Posts Tagged ‘Locals’

Promoting locals and constant value expressions into parameters

July 31st, 2012 Comments off

There are times when you realize that a local variable or a field reference within a method would be more useful if it was a parameter. Having a new parameter on a method will increase its flexibility for consumers. To convert the local variable, you should remove its declaration from the body of the method, add it as a parameter and replace all occurrences of a local to a new parameter. The same steps must be performed in the case of field references. Furthermore, all method references in the entire solution should be updated to pass a new value as an argument to a method with a new signature.

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Declaring locals using CodeRush consume-first declaration features

December 16th, 2011 Comments off

Local variable declarations are the most often used types of declarations in code. A local variable is a type of variable declared by local variable declaration inside a block the variable is intended to be local to. The local variable declaration explicitly defines the type of the variable that has been declared along with the identifier that names the variable. You can also declare implicitly typed local variables, whose type is inferred by the compiler from the expression.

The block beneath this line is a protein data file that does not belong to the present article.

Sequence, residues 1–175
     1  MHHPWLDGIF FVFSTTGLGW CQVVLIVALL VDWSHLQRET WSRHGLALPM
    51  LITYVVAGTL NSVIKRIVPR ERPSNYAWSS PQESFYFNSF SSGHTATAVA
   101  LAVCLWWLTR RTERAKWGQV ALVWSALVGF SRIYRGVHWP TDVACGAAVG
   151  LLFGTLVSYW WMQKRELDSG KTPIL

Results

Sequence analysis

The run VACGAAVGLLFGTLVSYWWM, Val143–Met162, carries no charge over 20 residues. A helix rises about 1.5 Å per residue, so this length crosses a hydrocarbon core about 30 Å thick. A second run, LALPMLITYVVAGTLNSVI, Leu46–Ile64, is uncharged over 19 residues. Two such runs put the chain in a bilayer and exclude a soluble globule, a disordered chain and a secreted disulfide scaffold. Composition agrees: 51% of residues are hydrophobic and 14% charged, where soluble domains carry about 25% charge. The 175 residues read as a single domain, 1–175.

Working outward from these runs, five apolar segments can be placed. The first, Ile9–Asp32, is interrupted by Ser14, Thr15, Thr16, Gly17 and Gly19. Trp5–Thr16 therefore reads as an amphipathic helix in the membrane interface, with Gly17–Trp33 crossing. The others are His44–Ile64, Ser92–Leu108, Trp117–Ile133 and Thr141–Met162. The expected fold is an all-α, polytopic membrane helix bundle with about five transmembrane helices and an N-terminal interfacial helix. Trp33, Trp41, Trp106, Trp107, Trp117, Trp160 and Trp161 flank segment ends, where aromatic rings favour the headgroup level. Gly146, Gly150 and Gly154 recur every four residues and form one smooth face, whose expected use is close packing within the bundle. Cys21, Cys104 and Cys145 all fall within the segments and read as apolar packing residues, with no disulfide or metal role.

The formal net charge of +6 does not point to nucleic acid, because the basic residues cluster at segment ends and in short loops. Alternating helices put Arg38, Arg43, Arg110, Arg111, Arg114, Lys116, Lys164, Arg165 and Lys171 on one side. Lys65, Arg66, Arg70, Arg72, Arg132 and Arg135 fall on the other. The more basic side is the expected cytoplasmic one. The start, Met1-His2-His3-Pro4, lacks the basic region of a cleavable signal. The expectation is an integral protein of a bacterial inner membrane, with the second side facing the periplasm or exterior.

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Refactorings for implicitly-typed local variables

September 27th, 2011 4 comments

Implicitly-typed local variables are variables declared without specifying the type explicitly. The type of such variables is being inferred from the expression that is used to initialize the variable at the time the code is compiled. Implicitly-typed variables are really useful for LINQ that creates anonymous types in queries, and for which you want to assign variables. However, implicitly-typed locals can be used with any variable declaration to enhance the readability, for example:

Refactor! Implicit variable sample

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Code Issues – Undisposed local

July 13th, 2011 Comments off

The Undisposed local code issue of the warning type highlights local variables that implement the System.IDisposable interface and are not explicitly disposed. The IDisposable interface was designed to provide a standard way to release unmanaged resources by calling its Dispose method. If the object is IDisposable, it is a good idea to dispose of it when you no longer need it, especially if the object uses unmanaged resources. These are resources that the .NET garbage collector does not manage on our behalf and is unable to clean-up automatically. They include items such as streams, files, database connections, handles and other operating system objects. If the memory and system resources that they use are not properly released, a program may suffer from memory leaks or problems due to locked resources.

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